Finally, organisations make sure their work processes and systems reinforce doing the right thing. Sometimes, serving the customer in an unusual situation might go against a company policy. Like Doris, the airline gate agent who faced an uncomfortable crowd of passengers whose flight was being delayed for several hours.
Company policy did not allow her to purchase refreshments in such a situation. But Doris’ passion drove her to speak with the neighbouring gate agent from another airline to order refreshments for her customers and fund them from her own petty cash fund. The CEO applauded her effort.
The ROI of customer delight
What can organisations expect as far as return on investment from all these efforts? Just one example: Jim Burke was CEO of Johnson & Johnson during the tragic Tylenol episode when some people died after taking Tylenol. Within hours, the product was off the store shelves throughout the United States.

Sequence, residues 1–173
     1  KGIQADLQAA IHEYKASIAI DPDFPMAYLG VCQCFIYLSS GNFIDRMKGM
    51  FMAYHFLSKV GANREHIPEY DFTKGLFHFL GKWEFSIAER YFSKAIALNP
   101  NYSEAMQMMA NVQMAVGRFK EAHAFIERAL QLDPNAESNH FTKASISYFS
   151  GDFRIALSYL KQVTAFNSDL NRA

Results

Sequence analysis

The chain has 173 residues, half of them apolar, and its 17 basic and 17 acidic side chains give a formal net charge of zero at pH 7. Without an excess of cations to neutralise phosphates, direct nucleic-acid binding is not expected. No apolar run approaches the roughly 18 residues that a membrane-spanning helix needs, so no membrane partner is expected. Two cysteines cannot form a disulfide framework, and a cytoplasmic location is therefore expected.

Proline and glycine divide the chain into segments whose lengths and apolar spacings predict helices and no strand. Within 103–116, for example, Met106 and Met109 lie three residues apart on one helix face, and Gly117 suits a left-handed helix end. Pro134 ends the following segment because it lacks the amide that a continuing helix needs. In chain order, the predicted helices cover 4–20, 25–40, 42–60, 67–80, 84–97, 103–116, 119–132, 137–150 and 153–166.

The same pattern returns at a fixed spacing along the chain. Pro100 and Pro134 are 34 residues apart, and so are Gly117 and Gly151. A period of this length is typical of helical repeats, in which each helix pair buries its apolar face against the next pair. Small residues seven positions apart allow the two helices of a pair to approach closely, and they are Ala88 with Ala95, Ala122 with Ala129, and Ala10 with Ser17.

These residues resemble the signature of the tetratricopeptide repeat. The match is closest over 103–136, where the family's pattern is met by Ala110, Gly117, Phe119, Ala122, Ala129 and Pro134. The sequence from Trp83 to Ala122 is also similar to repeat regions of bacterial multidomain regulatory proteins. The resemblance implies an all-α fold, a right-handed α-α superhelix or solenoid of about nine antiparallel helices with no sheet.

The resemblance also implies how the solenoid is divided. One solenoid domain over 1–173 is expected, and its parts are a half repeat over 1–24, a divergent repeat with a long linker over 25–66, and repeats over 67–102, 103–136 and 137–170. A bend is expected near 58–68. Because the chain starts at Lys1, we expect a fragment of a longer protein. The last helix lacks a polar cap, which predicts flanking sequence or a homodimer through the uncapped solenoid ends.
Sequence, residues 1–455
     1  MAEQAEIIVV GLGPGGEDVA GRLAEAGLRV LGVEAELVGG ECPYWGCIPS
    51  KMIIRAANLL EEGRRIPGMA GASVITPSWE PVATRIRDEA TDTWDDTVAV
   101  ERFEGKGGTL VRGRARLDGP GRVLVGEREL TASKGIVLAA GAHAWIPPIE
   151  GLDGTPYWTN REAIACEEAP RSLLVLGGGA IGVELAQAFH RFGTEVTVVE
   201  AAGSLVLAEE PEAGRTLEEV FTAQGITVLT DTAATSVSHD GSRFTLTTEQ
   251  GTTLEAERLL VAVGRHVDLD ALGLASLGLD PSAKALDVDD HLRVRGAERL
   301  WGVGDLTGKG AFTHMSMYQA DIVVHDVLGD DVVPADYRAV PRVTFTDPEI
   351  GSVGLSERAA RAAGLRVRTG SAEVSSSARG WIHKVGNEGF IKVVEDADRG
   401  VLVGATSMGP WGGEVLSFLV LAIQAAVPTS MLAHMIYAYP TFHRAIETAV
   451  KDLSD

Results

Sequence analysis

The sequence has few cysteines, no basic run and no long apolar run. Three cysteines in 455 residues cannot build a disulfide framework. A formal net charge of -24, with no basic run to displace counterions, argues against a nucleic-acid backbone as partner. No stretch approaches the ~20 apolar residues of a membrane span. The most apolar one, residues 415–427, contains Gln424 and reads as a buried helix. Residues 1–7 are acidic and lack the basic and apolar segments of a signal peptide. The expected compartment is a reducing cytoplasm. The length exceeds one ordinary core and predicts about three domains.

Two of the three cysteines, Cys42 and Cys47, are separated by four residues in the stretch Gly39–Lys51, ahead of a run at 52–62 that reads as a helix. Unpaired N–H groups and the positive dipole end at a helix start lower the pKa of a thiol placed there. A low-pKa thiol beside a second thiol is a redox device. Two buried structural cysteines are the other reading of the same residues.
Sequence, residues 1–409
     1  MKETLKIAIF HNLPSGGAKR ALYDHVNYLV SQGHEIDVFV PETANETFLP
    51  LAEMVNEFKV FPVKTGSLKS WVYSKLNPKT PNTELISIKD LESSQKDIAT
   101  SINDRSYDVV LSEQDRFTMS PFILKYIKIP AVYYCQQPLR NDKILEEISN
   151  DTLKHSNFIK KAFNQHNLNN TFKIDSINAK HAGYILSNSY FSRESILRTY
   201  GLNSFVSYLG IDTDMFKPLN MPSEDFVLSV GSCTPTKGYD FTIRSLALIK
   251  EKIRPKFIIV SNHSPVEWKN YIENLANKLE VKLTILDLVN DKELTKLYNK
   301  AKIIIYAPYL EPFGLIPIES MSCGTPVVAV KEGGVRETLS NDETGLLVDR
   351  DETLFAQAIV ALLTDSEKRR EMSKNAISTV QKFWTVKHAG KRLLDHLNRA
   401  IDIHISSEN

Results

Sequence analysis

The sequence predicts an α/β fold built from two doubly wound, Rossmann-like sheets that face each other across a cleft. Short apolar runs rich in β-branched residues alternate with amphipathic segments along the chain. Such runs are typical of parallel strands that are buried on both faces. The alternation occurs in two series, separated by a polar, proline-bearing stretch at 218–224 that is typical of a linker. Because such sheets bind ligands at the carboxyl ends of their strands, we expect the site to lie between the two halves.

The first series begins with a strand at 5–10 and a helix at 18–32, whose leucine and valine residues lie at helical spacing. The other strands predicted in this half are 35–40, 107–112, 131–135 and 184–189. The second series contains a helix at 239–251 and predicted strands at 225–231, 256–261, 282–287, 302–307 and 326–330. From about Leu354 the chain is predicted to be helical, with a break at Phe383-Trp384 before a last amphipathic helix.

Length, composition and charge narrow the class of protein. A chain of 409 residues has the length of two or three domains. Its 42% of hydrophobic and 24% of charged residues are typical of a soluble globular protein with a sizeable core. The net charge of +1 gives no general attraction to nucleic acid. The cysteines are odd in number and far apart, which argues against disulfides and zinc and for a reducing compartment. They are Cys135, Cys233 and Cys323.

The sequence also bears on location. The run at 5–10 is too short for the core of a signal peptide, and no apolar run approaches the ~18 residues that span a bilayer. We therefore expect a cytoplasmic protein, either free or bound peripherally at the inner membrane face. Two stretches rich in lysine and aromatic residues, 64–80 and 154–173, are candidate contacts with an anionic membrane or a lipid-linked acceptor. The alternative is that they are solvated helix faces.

Once the problem was accurately identified and corrected, J&J reintroduced Tylenol to the market – with the first ever tamper-proof cap. The first sentence in the company credo is: “We believe our first responsibility is to the doctors, nurses, and patients, to the mothers, and all others who use our products and services.”
In the aftermath of the crisis, Burke made this observation: “I do not think we could have done what we did … if we hadn’t all gone through the process of … committing ourselves to the credo. We had dozens of people making hundreds of decisions and all on the fly. And they had to make them as wisely as they knew how. The reason they made them as well as they did is they knew what the set of beliefs were of the institution they worked for. So they made them based on that set of beliefs and we made very, very few mistakes.”
Defying conventional wisdom and past history of similar product recalls, Tylenol actually built market share after it was reintroduced.